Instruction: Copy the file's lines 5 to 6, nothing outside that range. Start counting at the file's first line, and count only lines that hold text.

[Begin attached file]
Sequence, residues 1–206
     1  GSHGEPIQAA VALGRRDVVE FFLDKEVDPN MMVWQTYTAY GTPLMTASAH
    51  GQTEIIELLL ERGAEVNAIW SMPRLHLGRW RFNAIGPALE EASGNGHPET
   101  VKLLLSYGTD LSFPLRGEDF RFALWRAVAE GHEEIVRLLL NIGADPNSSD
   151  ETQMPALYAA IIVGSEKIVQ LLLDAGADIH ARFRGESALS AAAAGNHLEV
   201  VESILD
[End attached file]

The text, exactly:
   151  ETQMPALYAA IIVGSEKIVQ LLLDAGADIH ARFRGESALS AAAAGNHLEV
   201  VESILD